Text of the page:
Overcoming Objections to MUVEs in Education

Overcoming Objections to MUVEs in Education

Daniel Laughlin (University of Maryland Baltimore County, USA)
DOI: 10.4018/978-1-61692-822-3.ch001
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This chapter addresses some of the objections to the use of multi user virtual environments (MUVEs) in education that proponents of that medium are likely to encounter. Selection of the objections on the MUVEs literature and the author’s experience championing MUVEs as education tools within a government agency. Many of the objections apply broadly to MUVEs of both game and non-game varieties. The goal of this chapter is to help the reader overcome the arguments raised by others to build support for the use of MUVEs. Some guidance is also given for an approach to overcome objections based on mental model theory.
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The rapid growth of personal computer ownership and access in the last two decades of the twentieth century led to many efforts to bring computers into schools and to innovated education with technology. Computer labs became a standard feature in almost every school and personal computers appeared in many classrooms and homes as teachers, administrators and parents in with schoolwork at home. While applications like word process, email and spreadsheets drove business and schools to buy computers, the purchase of many home computers included “and to play games” on the list of justifications. Demand for gaming on computers helped drive the development of greater processing power and better graphics capabilities. While schools tended to focus on business-type applications, a growing population of gamers was demanding and paying for greater power and speed and better visual experiences from their computers at home. Through the 1980s and 90s, graphics moved from monochrome to 16 (CGA) then 64 (EGA) then 256 (VGA) and eventually reach more than 16 million (Truecolor) colors. Game rendering technology advanced from 2D to 2.5D to 3D by the late 1990s.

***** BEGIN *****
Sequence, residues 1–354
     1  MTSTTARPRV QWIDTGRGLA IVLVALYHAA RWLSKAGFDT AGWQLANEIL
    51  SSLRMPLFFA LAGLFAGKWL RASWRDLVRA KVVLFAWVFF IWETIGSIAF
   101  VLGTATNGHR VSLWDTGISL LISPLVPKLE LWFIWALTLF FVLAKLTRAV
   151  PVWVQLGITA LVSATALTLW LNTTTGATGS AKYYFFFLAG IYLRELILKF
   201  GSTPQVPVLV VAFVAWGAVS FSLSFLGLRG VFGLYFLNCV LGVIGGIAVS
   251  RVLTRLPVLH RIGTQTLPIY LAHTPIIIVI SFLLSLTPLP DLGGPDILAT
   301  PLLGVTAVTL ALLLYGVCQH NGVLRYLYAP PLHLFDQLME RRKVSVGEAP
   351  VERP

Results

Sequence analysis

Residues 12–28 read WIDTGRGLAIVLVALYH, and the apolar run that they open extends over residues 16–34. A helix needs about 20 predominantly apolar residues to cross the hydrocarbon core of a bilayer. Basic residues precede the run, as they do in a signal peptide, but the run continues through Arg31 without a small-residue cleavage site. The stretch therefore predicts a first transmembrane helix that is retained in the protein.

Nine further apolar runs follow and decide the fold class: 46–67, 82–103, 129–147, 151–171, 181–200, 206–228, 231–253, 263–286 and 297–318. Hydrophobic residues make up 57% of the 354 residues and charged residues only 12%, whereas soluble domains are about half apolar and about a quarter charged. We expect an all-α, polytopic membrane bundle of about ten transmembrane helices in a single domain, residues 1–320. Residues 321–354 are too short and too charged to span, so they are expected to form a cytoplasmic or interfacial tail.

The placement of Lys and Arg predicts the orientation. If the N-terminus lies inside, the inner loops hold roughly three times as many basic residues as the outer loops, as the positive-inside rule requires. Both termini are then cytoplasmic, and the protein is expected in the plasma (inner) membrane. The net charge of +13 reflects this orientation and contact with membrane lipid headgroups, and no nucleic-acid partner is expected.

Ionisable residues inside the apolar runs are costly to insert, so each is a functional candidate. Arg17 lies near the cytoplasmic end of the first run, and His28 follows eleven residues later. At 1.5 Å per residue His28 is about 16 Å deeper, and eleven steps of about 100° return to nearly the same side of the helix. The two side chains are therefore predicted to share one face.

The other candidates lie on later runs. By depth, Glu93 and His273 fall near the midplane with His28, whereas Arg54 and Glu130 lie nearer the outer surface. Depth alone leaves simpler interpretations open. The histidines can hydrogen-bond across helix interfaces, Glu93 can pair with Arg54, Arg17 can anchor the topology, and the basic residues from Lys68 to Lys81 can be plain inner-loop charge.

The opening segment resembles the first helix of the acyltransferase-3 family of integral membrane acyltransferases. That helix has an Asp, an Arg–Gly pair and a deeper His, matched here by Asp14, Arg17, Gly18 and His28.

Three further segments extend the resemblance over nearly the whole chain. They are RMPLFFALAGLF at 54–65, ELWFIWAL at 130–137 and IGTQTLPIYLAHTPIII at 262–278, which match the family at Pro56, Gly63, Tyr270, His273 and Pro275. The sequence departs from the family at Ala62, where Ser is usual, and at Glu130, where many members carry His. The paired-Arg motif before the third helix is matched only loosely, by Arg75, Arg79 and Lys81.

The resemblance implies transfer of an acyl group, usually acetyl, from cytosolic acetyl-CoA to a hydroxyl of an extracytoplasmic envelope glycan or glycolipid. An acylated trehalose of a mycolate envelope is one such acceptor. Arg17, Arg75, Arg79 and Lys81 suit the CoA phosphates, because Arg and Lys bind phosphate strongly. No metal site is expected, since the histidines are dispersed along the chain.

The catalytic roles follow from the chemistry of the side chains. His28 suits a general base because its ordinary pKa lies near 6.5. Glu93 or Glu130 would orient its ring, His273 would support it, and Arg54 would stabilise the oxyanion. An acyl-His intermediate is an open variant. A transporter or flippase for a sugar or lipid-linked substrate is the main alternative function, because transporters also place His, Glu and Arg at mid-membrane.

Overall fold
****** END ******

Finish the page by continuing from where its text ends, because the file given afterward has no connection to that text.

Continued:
The first online, shared computer environment was a text-based, fantasy realm called MUD standing multi-user dungeon (Bartle, 1999). It was written at the University of Essex in 1978, and was run on the university mainframe until 1987. It was an adventure game of the swords and sorcery type. What made it different from other games at the time was that people could play together online, and that opened new possibilities for online social interaction and community building (Rheingold, 1993). Other text-based, multi-user environments followed using the term MUD and later MOO, and some are still available. Sometimes the term multi user virtual environment is used for these text-based programs, but often MUVE is reserved for the graphically-based virtual worlds that grew out of the merger of the MUD idea with the increased computer power previously noted. Today there are dozens of MUVEs available. Some of them are massively multiplayer online games (MMOG) like World of Warcraft. Others are not games at all, but shared environments like Second Life without scoring, missions, character classes or other structure features common to games. Often the distinction between games and non-games is hard to make even for those familiar with MUVEs. There is also a lack of consensus about both definitions and terms that further hinders discussion and research.

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